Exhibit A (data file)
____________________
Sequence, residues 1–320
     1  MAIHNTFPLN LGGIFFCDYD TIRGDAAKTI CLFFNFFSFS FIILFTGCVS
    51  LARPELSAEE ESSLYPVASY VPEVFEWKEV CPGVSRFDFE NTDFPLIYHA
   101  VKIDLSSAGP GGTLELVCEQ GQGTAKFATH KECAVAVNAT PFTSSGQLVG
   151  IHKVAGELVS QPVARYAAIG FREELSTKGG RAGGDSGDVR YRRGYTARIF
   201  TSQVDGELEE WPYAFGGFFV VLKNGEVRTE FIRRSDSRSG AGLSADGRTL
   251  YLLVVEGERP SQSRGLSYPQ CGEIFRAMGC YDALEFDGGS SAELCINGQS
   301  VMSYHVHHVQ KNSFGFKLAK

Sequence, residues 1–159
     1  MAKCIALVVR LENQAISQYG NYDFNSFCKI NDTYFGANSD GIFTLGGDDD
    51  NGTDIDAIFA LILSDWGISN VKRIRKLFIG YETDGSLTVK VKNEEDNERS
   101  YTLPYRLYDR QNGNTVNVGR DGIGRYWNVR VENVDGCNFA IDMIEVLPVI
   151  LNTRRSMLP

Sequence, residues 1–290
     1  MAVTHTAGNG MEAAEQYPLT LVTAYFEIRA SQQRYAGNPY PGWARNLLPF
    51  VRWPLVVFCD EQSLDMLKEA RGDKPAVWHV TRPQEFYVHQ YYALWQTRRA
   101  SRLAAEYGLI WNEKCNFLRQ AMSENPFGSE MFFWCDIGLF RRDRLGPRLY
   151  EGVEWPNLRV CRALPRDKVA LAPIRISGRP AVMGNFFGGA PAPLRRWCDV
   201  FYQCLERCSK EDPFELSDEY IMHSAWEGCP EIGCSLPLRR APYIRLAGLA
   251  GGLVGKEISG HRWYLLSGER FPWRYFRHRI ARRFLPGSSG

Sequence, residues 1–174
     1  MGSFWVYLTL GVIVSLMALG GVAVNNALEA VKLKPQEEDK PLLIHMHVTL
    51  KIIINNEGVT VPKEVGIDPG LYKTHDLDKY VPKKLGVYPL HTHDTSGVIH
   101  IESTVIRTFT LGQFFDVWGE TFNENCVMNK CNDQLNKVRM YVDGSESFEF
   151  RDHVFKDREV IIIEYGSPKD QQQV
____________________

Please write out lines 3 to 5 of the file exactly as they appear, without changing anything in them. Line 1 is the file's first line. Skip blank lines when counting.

    51  LARPELSAEE ESSLYPVASY VPEVFEWKEV CPGVSRFDFE NTDFPLIYHA
   101  VKIDLSSAGP GGTLELVCEQ GQGTAKFATH KECAVAVNAT PFTSSGQLVG
   151  IHKVAGELVS QPVARYAAIG FREELSTKGG RAGGDSGDVR YRRGYTARIF